Six Possible Pot-Related Ballot Measures You Should Know About

A lot of high hopes are riding on the November 2016 general election in Arizona.

Paperwork for no fewer than six marijuana-related ballot measures has been filed with the state Secretary of State's Office in the last few months, with each measure aiming to make fundamental changes to the state's drug laws.

Only two or three are actually viable, most likely. Each needs to gather about 150,000 signatures, a formidable and expensive task.

But if you come across petition gatherers asking for your signature on any of them, here are the basics you need to know:

1) Campaign to Regulate Marijuana Like Alcohol

* Sponsored by the Marijuana Policy Project, the same group that brought medical marijuana to Arizona in 2010.

* Creates state-regulated system of retail cannabis stores.

* Limits: Up to one ounce of buds and up to five grams of concentrated cannabis okay to possess by adults 21 and older. Possession of between one and 2.5 ounces to become a civil offense with a $300 fine and no increased penalty for each violation. Grow up to six plants per person, or 12 per household.

2) Campaign to Legalize and Regulate Marijuana

* Sponsored by activist Jason Medar and Arizonans for Mindful Regulation, a group of cannabis activists who want a more permissive law than what MPP is offering.

* Measure is 20 pages and has a regulatory scheme similar to MPP's.

* Makes it easier for would-be small-time cannabis entrepreneurs to exist alongside a system of retail stores.

* Limits: Up to one ounce legal for adults 21 and older. No distinction or special limit placed on concentrated marijuana — an ounce of shatter is as legal as an ounce of buds. Possession of between 2.5 and eight ounces for sale drops from a felony to a misdemeanor. Can grow up to 12 plants per person.

3) Arizona Industrial Hemp Farming Act

* Sponsored by HOW Arizona, a Gilbert group represented by Christian Carrasco and Brittany Rose Murphy.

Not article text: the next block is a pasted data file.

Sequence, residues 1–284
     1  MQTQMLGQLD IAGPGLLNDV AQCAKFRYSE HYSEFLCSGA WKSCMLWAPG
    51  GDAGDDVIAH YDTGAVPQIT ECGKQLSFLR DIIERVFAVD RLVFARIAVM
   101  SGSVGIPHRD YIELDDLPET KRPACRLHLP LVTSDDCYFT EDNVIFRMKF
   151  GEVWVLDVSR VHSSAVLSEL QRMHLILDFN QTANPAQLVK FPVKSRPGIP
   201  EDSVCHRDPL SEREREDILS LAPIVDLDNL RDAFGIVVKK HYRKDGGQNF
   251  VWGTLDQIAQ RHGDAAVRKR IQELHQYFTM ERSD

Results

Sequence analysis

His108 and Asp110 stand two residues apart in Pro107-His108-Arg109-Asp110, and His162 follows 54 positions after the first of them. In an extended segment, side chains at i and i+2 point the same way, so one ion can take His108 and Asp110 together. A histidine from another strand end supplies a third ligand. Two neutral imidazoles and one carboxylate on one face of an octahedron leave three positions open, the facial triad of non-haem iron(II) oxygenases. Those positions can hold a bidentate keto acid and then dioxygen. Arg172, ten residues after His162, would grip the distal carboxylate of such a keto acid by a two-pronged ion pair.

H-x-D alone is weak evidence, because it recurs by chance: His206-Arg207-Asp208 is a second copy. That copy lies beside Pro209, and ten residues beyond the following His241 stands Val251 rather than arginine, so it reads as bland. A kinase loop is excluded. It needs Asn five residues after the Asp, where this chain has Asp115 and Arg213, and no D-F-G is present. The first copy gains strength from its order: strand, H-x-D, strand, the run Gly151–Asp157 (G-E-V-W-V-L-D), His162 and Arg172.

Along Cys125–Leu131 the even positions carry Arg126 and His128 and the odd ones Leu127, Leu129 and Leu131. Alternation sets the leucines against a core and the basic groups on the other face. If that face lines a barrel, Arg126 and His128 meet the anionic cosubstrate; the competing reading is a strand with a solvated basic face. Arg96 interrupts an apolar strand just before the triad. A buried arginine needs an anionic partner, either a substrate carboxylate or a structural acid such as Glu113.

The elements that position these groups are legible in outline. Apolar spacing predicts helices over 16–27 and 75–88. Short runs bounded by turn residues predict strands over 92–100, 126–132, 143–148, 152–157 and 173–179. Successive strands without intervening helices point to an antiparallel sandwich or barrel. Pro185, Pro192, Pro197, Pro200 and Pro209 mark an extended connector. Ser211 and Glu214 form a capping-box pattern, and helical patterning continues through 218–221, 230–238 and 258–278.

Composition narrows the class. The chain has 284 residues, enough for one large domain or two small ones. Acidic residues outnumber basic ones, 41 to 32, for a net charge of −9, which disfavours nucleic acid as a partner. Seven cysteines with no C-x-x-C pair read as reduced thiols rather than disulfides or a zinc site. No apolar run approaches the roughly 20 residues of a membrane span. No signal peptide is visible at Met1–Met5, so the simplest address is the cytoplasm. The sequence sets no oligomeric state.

* Legalizes production and sale of hemp for industrial and research use. No apparent limits on number of plants or acres planted.

* Hemp is defined as a cannabis sativa plant registered as having no more than one-third of 1 percent of THC, the psychoactive ingredient in marijuana. Hemp can't get people high, but it can be used to make a large range of products.

* Establishes an Industrial Hemp Committee in Arizona to help manage things.

4) Medical-Marijuana Dispensary Fee Waiver

* Sponsored by the Arizona Marijuana Patient Society, an Apache Junction committee chaired by Timothy B. Cronin.

* Eliminates the annual fee charged by the Arizona Department of Health Services for a medical-marijuana registration card. Currently, food-stamp recipients pay $75 a year, while everyone else pays $150.

5) Re-Legalize Marijuana

* Sponsored by Mike Ross of Tempe and "RAD1 - ReLegalize All Drugs."

* Seeks to create a constitutional amendment that eliminates all laws related to marijuana.

* Prohibits any government regulation of marijuana or cannabis products, whether for consumption, cultivation or sale.

* Releases all marijuana offenders from jail or prison and clears the criminal records of anyone ever convicted of a marijuana-related offense.

6) Re-Legalize All Drugs Including Cocaine, Heroin, LSD, Marijuana, Methamphetamine and Peyote.

* A second minimalist offering by Mike Ross of Tempe.

* In under two pages, the proposed initiative eliminates all laws and regulations of all drugs, including all street drugs (not just those in the title), prescription drugs and over-the-counter drugs.

* Pardons all prior drug offenders and makes it illegal for any cop or government official to interfere with a person's "drug rights. To carry home its point, the measure would make police and government officials personally liable for $1 million in damages for each interfering incident.

See you at the polls.

Got a tip? Email Ray Stern

Follow Ray Stern on Twitter: @RayStern

Follow Valley Fever on Twitter: @ValleyFeverPHX
KEEP PHOENIX NEW TIMES FREE... Since we started Phoenix New Times, it has been defined as the free, independent voice of Phoenix, and we'd like to keep it that way. With local media under siege, it's more important than ever for us to rally support behind funding our local journalism. You can help by participating in our "I Support" program, allowing us to keep offering readers access to our incisive coverage of local news, food and culture with no paywalls.
Ray Stern has worked as a newspaper reporter in Arizona for more than two decades. He's won numerous awards for his reporting, including the Arizona Press Club's Don Bolles Award for Investigative Journalism.

Latest Stories